August 24, birthday of Ronee Blakley

Since July, I have been concentrating solely on female composers.  You can read about that in my post from July 19.  If I can’t find one born on the calendar day, I won’t post.  On with today’s composer.

Ronee Blakley (b. 1945) is a singer-songwriter and actress, probably best known for her performance in Robert Altman’s 1975 film, “Nashville.” Her first album was written, performed and produced by herself and featured this song with Linda Ronstandt backing. She was married to the German film maker, Wim Wenders.

“Bluebird”

August 23, birthday of Malvina Reynolds

Since July, I have been concentrating solely on female composers.  You can read about that in my post from July 19.  If I can’t find one born on the calendar day, I won’t post.  On with today’s composer.

Malvina Reynolds (1900 – 1978) is probably best known for her song, “Little Boxes,” which she wrote as she and her husband were driving by a new housing development in California. The song was recorded by Pete Seegar, and I remember listening to it as a boy on the radio when it came out in 1963. It’s always made me feel a bit sad, being about middle America conformity and the shoddy construction of the buildings, “made out of ticky tacky.” Though everyone hates the suburbs, perhaps they made housing affordable for the first time for massive amounts of people.

“Little Boxes” performed by Peet Seegar

August 20, birthday of Elisabeth Sophie of Mecklenburg

Since July, I have been concentrating solely on female composers.  You can read about that in my post from July 19.  If I can’t find one born on the calendar day, I won’t post.  On with today’s composer.

Duchess Elisabeth Sophie of Mecklenburg (1613 – 1676) was a German composer an poet. She is probably the first female composer whose work was published. She wrote mostly hymns and collaborated with the composer Heinrich Schütz.

Once again, I can’t find any recordings of her works.  Do any of you, dear readers, have any leads?

 

August 16, birthday of Dora Bright

Since July, I have been concentrating solely on female composers.  You can read about that in my post from July 19.  If I can’t find one born on the calendar day, I won’t post.  On with today’s composer.

Dora Estella Bright, married name Knatchbull, (1862 – 1951) was the first woman to receive the Charles Lucas Medal in 1888 (for her musical composition, Air and Variations for String Quartet).  She toured as a pianist until the early 20th century when she devoted most of her time to composing.  In the 1940s, the began writing for the journal Musical Opinion, which had previously reviewed her works quite favorably.  Many of her works have not survived.

 

August 15, birthday of Marion Eugénie Bauer

Since July, I have been concentrating solely on female composers.  You can read about that in my post from July 19.  If I can’t find one born on the calendar day, I won’t post.  On with today’s composer.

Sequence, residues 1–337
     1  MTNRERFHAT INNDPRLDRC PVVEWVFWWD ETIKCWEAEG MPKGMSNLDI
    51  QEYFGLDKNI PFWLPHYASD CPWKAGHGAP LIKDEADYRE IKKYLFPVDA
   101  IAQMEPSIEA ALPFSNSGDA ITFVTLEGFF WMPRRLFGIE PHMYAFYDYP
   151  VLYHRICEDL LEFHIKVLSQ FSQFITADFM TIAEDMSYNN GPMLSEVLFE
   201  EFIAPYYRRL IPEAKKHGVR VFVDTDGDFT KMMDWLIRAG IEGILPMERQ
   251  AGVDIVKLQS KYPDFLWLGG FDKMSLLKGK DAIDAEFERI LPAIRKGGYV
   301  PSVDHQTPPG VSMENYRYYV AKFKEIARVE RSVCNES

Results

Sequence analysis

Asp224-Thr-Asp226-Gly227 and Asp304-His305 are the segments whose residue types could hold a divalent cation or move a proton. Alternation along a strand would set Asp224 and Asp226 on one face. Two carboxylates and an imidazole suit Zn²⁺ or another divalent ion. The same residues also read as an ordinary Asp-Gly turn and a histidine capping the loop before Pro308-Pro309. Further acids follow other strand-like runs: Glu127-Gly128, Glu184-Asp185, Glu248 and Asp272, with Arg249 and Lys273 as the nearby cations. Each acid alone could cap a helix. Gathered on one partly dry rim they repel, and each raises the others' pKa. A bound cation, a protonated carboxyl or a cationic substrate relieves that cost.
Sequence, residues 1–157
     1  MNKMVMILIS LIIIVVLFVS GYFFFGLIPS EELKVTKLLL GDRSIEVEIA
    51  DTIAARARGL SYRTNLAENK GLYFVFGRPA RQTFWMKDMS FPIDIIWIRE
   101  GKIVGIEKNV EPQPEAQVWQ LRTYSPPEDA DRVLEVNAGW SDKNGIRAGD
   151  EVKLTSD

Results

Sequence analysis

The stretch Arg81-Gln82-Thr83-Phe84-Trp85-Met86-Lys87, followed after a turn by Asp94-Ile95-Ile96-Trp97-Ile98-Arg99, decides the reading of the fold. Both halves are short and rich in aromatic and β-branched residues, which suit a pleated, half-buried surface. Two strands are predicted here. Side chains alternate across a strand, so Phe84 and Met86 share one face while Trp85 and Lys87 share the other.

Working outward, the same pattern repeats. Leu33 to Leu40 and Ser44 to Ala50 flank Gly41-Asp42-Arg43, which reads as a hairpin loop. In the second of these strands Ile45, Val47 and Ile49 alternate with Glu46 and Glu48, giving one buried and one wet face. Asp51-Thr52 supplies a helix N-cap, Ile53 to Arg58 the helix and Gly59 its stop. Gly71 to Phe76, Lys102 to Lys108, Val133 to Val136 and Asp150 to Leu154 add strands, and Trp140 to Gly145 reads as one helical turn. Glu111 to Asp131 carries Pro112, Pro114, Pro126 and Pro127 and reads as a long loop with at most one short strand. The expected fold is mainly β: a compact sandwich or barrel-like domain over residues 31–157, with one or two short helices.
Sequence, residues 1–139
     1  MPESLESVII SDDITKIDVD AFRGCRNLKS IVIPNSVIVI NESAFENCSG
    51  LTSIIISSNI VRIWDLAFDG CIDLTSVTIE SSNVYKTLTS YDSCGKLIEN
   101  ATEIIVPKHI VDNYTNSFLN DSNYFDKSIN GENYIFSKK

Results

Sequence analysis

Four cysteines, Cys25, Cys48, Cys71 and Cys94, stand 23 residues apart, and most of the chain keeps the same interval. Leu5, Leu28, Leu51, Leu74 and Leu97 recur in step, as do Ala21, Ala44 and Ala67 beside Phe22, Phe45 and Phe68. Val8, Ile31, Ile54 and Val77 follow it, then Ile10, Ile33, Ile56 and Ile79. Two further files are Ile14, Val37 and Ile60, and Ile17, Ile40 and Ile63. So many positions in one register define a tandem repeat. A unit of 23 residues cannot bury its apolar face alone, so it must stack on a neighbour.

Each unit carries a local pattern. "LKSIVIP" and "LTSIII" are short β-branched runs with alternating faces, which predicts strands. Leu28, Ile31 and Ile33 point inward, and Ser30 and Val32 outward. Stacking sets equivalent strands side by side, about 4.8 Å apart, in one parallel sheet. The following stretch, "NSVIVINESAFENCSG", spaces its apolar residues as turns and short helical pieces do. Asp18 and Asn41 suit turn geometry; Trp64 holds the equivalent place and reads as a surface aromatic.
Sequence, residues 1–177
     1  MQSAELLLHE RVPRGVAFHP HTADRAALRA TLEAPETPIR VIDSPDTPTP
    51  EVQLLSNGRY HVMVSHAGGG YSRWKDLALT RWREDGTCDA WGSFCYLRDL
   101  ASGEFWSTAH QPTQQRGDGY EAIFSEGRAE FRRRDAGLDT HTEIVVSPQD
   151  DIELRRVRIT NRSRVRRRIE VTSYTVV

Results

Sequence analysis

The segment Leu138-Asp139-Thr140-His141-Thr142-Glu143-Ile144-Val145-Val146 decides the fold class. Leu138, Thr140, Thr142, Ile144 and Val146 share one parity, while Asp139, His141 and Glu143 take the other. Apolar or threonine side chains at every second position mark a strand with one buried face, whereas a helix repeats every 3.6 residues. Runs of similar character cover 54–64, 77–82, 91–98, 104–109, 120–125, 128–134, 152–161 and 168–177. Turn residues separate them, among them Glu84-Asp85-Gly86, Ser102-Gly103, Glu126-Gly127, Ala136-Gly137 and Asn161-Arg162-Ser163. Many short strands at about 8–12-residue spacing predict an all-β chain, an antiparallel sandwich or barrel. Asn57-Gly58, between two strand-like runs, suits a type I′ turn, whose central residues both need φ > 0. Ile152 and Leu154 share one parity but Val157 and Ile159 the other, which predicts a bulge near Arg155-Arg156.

Marion Eugénie Bauer (1882 – 1955) has the distinction of being the first American composer to study with Nadia Boulanger.  She was born to French-Jewish immigrants, who were also musical.  The story is that as a baby, she was placed atop the piano in a basket while her older sister Emilie practiced and gave music lessons.

She travelled to Paris and Berlin for a number of extended periods to study music.  As she was fluent in both French and English she gave language lessons to her teachers and their children.

Back in the State, she was offered a position teaching at New York University.   There she championed other 20th century composers by having her student perform her work or by writing about them.  Her music is more impressionistic than atonal.  That may be due to pressure from her publisher to tone it down or because one of her compositions was removed from first place in a competition for being too modernistic.  Bauer founded the American Music Guild, the American Music Center, and the American Composer’s Alliance, and served on their (and other music organization) boards, often as the only female.  She composed over 160 pieces in her life, and counted among her pupils the composers,Ruth Crawford Seeger and Milton Babbitt.

Four Piano Pieces

August 11, birthday of Carrie Minetta Jacobs-Bond

I have been concentrating lately on female composers, who are under-represented online, which reflects how there is a bias against women in general against female composers and conductors.  You can read about that in my post from July 19.  If I can’t find one born on the calendar day, I won’t post.  On with today’s composer.

Carrie Minetta Jacobs-Bond (1862 – 1946) composed an incredibly popular song, which you’ve probably heard, named “I Love You Truly,” often played at weddings.  In her lifetime, she wrote more than 170 more, and by 1910, she had become a millionaire from the royalties.

Sadly, her son committed suicide to one of her songs, “A Perfect Day.”  (No, not Lou Reed’s “Perfect Day.”)

A Perfect Day

August 9, birthday of Michèle Bokanowski (born 9 August 1943)

Michèle Bokanowski is a French composer who was classically trained, and later studied electronic music in Vincennes, France. She is married to Patrick Bokanowski, an Algerian-born French experimental film maker, and the two have collaborated on a number of his films.

“Pour Un Pianiste”

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